After a spate of criticism over the North Korean Nuclear Test, United Nations Human Rights Council Thursday tabled a resolution to investigate alleged human rights violations in the Asian communist country. Canada welcomed the UN's move.
"Canada welcomes the UN Human Rights Council's decision to establish a commission of inquiry to investigate ongoing, widespread and systematic human rights violations in North Korea, which may amount to crimes against humanity," said Canadian Foreign Minister John Baird in a press release.
"This is a sober realization of a grave humanitarian situation created by a depraved and rogue regime," said Baird "The international community has time and again warned North Korea that it would bear the consequences of its belligerent actions. North Korean people continue to starve and are denied basic human rights while the regime in Pyongyang squanders limited resources."
The UN human rights council unanimously passed a resolution in Geneva Thursday, teaming up to send an international fact-finding delegation to the Communist country where the special delegation will examine allegations of prison camps, food deprivation and labor slaves in the country.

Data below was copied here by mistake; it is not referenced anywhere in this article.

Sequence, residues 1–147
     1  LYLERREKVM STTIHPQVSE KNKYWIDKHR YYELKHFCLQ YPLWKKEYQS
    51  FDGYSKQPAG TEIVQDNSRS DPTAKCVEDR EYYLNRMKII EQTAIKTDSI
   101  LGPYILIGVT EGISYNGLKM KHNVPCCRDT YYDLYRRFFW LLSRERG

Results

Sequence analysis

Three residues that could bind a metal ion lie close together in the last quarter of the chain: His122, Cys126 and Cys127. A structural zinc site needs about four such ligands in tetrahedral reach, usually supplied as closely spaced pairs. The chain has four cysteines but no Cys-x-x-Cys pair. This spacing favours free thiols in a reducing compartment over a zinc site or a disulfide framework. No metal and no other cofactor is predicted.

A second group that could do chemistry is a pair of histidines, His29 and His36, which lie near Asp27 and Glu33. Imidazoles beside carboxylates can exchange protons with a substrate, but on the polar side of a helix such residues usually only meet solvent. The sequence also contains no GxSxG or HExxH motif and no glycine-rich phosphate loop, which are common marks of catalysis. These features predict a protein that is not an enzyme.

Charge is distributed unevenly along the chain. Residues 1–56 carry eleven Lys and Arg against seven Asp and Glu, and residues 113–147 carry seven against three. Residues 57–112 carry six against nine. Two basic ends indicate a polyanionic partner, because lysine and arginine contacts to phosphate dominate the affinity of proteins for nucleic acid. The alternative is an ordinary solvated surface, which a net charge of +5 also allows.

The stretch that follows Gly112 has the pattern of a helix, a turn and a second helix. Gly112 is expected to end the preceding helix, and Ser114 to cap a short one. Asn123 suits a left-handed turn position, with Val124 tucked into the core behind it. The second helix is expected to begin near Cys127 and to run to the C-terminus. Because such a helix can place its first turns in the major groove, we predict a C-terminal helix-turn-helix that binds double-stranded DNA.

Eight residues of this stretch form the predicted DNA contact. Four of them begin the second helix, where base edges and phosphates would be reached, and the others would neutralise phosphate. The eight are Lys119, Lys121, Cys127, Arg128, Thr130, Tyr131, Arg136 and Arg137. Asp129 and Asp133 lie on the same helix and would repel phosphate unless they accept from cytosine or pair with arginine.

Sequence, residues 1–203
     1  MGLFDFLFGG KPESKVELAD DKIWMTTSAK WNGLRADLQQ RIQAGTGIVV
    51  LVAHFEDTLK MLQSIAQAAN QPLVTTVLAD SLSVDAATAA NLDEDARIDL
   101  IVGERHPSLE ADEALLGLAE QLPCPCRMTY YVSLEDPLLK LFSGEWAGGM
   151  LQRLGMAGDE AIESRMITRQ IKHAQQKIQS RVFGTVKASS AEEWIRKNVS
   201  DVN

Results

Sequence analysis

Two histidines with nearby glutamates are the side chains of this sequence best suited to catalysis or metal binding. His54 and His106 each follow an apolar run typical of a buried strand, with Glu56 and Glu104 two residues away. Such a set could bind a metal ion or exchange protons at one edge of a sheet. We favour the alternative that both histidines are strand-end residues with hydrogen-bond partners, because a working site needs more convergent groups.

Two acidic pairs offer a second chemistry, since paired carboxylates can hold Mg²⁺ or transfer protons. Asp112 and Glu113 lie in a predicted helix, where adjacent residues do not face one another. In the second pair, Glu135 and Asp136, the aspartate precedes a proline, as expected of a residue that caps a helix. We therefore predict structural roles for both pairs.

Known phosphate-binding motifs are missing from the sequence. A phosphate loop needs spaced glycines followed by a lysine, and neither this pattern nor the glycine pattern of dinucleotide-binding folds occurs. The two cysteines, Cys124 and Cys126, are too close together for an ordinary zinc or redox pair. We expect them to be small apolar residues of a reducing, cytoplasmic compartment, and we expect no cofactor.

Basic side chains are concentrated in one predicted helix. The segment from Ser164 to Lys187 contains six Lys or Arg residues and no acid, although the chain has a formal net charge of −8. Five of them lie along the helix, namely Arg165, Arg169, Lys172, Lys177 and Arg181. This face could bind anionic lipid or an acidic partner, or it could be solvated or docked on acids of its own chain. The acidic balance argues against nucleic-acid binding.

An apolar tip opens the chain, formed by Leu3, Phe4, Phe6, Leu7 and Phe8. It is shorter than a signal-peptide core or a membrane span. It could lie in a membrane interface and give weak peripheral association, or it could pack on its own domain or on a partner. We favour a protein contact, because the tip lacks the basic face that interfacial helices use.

UN Special Rapporteur Marzuki Darusman who will be a member of the delegation has presented the initial report on the country in which the rapporteur said their investigation focus would be on the prison camps in the country.
"The prison camps could qualify as crimes against humanity. These are camps which have the purpose of driving the people being detained there towards a slow death," BBC quoted him as saying.
According to the UN High Commissioner for Human Rights Navi Pillay, the international community has evidence to prove that Pyongyang government has around 200,000 political prisoners, many of them who are subjected to rape, torture and slave labor.
Pyongyang held its third underground nuclear test February 12 which forced the U.N. to impose new sanctions.
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